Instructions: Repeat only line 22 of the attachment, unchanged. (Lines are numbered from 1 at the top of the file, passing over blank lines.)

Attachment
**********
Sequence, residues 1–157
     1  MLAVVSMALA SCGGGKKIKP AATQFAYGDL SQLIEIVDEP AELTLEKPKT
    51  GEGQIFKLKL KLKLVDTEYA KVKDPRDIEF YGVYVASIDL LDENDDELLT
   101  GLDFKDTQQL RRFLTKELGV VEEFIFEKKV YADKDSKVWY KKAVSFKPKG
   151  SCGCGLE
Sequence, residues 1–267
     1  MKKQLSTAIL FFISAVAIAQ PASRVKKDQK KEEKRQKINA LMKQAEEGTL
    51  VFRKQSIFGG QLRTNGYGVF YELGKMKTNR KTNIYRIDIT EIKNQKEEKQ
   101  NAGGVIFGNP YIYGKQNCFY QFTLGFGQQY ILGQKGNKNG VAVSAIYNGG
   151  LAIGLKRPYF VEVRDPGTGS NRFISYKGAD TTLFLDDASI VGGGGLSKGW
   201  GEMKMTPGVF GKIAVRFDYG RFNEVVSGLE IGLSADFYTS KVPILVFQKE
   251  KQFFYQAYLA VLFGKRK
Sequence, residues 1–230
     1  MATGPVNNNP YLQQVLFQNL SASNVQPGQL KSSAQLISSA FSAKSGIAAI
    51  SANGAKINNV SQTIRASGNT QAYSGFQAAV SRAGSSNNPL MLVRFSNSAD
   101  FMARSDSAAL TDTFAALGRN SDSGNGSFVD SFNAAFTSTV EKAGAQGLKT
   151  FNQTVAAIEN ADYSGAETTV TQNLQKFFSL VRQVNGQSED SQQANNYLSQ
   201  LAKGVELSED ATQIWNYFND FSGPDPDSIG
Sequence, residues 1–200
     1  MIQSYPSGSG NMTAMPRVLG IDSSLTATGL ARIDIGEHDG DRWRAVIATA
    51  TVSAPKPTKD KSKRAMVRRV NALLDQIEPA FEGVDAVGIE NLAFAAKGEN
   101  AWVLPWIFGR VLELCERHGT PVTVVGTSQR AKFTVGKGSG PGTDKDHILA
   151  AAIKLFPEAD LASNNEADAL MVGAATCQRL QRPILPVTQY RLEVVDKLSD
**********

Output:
   101  AWVLPWIFGR VLELCERHGT PVTVVGTSQR AKFTVGKGSG PGTDKDHILA